I would undoubtedly be a much more eco-friendly human if I didn’t add cosmetics to my regular consumption of products, but it’s one thing I haven’t yet been able to give up. I have done a lot of research on which makeup products are the healthiest for my body and which companies have sustainable sourcing and production practices. But the makeup removal part of the equation is just as relevant in my quest to reduce my consumption of manufactured products. After all, how many are made in the form of disposable wipes that get one use and then are dumped into the trash can? And also of concern, how many makeup remover products include chemicals that are irritants or hormone disruptors? A lot of them! I should know, I feel like I tried them all of the years.
For the past few years, I have used something for removing eye makeup that I’ve discovered to be as effective as the complexly formulated products sold in stores. Coconut oil. A swipe of it over my eyes removes the makeup and, bonus, moisturizes my under eye area. I already had a container of organic coconut oil in my kitchen for baking recipes, making granola, greasing baking pans, etc. Now, I also keep a container in my bathroom for removing mascara at the end of the day.
Although the product itself could not be more simple or natural, using cotton balls to apply the coconut oil (and witch hazel for astringent that I use daily) felt wasteful. 1-2 cotton balls per day doesn’t seem like much. But I pictured every cotton ball I’ve used in my life piled up in a landfill, and decided there had to be a better way. So one day, as I was retiring some bath towels that had become faded and thin, I decided to sub them in for cotton balls. I cut the towels up into little squares, about 3” x 3” and quickly settled into a new routine. Each night I use a mini towel square to apply the coconut oil to my eyes. Because the oil is solid at room temperature, I rub the towelette onto the oil rather than dip it. One gentle swipe on each eye and my makeup is gone and my eye is moisturized! Then I fold over the towelette and use the other side to apply witch hazel to my whole face. I throw the little towelette in with the rest of my laundry and, voila! Reusable makeup remover wipes.
Do you have any DIY hacks to cut down on consumption? I’d love to hear about them!
How many plastic bags do you use in an average week? It may be more than you realize. Think about buying green beans or apples at the grocery store — what do you put that loose produce in? How do you bag your groceries when you leave the store? And if you bring grapes or crackers to work, what do you put those in? It’s so easy to use lots of plastic bags for food without noticing it. But cutting back on that excess plastic is completely doable with reusable alternatives.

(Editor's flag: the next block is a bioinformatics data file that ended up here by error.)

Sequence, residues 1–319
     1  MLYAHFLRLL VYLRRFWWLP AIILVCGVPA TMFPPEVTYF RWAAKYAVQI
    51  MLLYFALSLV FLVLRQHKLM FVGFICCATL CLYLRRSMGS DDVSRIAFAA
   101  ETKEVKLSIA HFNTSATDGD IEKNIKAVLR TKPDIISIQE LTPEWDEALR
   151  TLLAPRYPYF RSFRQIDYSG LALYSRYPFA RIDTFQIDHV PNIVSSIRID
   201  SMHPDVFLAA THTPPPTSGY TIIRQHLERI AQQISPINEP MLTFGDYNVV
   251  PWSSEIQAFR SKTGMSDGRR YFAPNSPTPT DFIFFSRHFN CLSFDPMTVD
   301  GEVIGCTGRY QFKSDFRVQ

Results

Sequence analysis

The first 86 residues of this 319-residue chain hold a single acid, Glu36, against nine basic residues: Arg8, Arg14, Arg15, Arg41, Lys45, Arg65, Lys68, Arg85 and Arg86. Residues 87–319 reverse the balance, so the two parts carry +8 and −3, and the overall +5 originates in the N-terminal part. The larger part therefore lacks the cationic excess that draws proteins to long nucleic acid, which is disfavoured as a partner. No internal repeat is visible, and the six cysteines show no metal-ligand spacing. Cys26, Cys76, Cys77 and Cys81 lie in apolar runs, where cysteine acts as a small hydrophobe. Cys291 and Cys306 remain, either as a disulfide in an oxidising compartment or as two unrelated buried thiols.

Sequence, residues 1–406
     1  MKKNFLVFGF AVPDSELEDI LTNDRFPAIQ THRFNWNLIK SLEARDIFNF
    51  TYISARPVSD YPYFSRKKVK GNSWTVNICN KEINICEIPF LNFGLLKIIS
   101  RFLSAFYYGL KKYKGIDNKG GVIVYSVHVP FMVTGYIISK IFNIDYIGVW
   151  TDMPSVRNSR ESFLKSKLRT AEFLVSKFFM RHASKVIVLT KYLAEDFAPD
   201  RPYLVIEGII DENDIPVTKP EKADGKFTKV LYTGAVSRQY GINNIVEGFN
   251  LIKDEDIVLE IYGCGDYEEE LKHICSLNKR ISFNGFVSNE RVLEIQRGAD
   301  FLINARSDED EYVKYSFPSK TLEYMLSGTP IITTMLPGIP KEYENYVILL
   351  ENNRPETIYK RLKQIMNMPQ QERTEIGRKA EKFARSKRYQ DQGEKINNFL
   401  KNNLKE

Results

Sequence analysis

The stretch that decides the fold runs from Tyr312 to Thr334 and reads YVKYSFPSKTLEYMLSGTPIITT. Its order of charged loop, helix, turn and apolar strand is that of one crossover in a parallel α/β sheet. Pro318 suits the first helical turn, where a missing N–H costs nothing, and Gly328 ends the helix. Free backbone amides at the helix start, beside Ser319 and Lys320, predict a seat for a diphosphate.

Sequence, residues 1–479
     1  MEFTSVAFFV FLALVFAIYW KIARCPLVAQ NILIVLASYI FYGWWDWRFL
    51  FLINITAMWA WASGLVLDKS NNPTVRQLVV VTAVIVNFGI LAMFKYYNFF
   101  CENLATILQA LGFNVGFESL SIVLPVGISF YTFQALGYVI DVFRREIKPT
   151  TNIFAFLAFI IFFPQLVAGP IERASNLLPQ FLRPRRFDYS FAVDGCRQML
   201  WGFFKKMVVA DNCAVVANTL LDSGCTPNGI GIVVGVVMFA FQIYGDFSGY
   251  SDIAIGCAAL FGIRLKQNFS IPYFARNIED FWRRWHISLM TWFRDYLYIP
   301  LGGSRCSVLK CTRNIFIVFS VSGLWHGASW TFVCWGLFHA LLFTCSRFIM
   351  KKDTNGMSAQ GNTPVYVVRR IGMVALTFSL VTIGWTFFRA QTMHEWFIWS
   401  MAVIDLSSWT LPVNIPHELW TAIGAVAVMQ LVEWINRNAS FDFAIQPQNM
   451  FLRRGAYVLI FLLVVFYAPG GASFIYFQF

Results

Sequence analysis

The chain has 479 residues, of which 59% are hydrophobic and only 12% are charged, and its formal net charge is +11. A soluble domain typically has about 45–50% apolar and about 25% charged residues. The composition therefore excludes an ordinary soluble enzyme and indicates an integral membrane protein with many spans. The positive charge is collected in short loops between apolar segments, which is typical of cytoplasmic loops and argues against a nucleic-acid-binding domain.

Let’s start with the source — produce at the grocery store. Hopefully you’re eating lots of fruits and vegetables (they should be taking up half your plate at every meal!). For a while, I was going to the grocery store and farmers’ markets and feeling really good about the large variety of vegetables and fruits I’d bought for the week, yet feeling badly that everything I bought was in lots of separate plastic bags. What a waste! I did try to reuse them as much as possible, but they often got wet or sticky or tore apart. Reusable produce bags are a game-changer. These sheer mesh bags hold all the produce that I buy, and I never have to worry about throwing them out and creating waste. When they get dirty, just throw them into throw washing machine with the laundry. You can buy sets of them online at retailers like Amazon.com.
For grocery bags, recyclable paper bags are certainly preferable over non-biodegradable plastic bags. But even better are reusable tote bags. It’s pretty easy to accumulate these. They’re given out at special events all the time, or you can buy them from grocery stores. The tough thing is remembering to use them. Try to keep them by your front door, or in the trunk of the car where they are easily accessible when you’re going on a grocery run. After a few times of remembering them, it will come ingrained in your memory to bring them into the store.
I’m also a big proponent of bringing lunch and snacks to work. It saves so many dollars and calories compared to buying over-proportioned and over-priced meals out. But after munching on those carrot sticks or trail mix, the zip-locked baggies get immediately tossed in the trash. What a waste of plastic to use something for a few hours and then send it on to a landfill! Luckily, there are a lot of companies that now make reusable snack bags. My favorites are Lunchskins and Itzy Ritzy. And lots of Etsy stores sell these reusable bags. I wash these in the laundry or dishwasher after each use.
So try cutting back on plastic with reusable bags. It will keep heaps of plastic out of landfills, and will save you money in the long run!